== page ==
The Free Range Butcher

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The term ‘free range’ has become quite familiar and commonplace when it comes to animal produce in Australia. As consumers, it often provides us with the peace of mind that we are making a good and ethical choice.

Free range means the animal has spent a majority of its life feeding in a pasture, as opposed to an enclosed ‘feed lot’ which restricts the animal’s movement and its access to natural sources of food. So when we see the words ‘free range’ on meat packaging, it generally means the animal has had a good life.

But just like other food products, not all free range meat is created equal. Some free range animals are free to roam around in their pasture and are fed a natural diet of grass, however other free range animals may have partial access to a pasture and be ‘topped up’ with dietary supplements such as grains. Free range – yes, but free fed – not quite.

Ben Clinch is a free range farmer from the Nandewar Mountain Ranges in Northern NSW and operates The Free Range Butcher. He and his family have been producing and providing free range and grass-fed meat to families all over NSW for around six years.

Ben is passionate about producing the best quality meat possible and all his livestock are 100% free range. His family run business specialises in providing grass fed, 28 day dry aged beef and lamb, as well as pasture fed free range pork and free range poultry. All the meat comes directly from Ben’s free range farm and other farms in the area and it’s all 100% hormone and antibiotic free.

As Ben explains, there are many benefits to free range farming – not only is the meat better quality, the animals live a better life and are healthier too.

Which begs the question: why aren’t all farms 100% free range?

In Australia, drought is a constant threat to farmers and can put them out of business in a matter of months. In times of drought, farms are unable to keep their livestock healthy as there just isn’t enough nutrient-rich pasture. The animals can starve and become malnourished if they are not provided with some sort of dietary supplement.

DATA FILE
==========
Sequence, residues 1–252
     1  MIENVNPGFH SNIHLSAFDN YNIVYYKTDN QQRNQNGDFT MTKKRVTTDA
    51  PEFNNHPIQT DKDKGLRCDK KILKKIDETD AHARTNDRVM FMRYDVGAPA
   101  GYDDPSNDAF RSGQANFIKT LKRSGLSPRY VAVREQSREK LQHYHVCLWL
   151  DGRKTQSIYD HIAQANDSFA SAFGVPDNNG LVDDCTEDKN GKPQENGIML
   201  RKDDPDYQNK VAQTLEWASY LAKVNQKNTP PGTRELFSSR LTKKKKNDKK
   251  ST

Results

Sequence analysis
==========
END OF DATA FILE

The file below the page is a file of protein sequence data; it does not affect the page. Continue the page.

Ben’s family farm is located 90km north of Tamworth, an area which normally receives a higher than average rainfall. This is critical for free range farming as the farmers rely on a healthy pasture of native grasses to keep their animals healthy.

So it’s not easy to maintain a ‘strictly free range and pasture fed’ herd, and just because a label suggests the product comes from a free range animal, this doesn’t necessarily mean it’s the best choice.

For more about free range and grass fed meat, read Ben’s article ‘Why you should eat free range meat‘.


How to buy from The Free Range Butcher

Order online from their website, or you can visit Ben and his family at any of the following markets:

Castle Hill – Saturday (2nd and 4th Saturday of each month)

WHERE: Castle Hill showground
WHEN: 8.00am – 12.00pm

Concord – Sunday (1st and 3rd Sunday of each month)

WHERE: Cintra Park (Car Park) off Crane St, Concord
WHEN: 9.00am – 1.00pm

Frenchs Forest – Sunday (weekly)

WHERE: The Parkway Hotel (carpark), Frenchs Forest Road East, Frenchs Forest
WHEN: 8.00am – 1.00pm

Glenbrook – Saturday (1st Saturday of each month)

WHERE: Glenbrook Infants School, Ross Street
WHEN: 8.00am – 1.00pm

Hornsby - Thursday (weekly)

WHERE: Hornsby Mall (by the Fountain), Hornsby
WHEN: 8.00am – 2.00pm

Narrabeen - Friday (weekly)

WHERE: Pittwater Rugby Park (Rat Park), 1472 Pittwater Road, Narrabeen
WHEN: 8.00am – 2.00pm

North Sydney – Saturday (3rd Saturday of each month)

WHERE: Miller Street – between Ridge Street and McLaren Street
WHEN: 8.00am – 12.00pm

Orange Grove – Saturday (weekly)

WHERE: Orange Grove Public School, Cnr Perry Street and Balmain Road, Lilyfield
WHEN: 8.00am – 1.00pm

Alison Sims

Passionate about real food and healthy living, Alison Sims is the founder and author of Paleo Foodies. She is on a mission to discover the best paleo dining in Australia and all around the world. What started as a part time blog in 2013 has lead to a full time career for Alison, who previously spent a decade in Advertising and Marketing. She is now a regular contributor to health and lifestyle publications, a public speaker in food and health, and co-publisher of Paleo Foodies Magazine.

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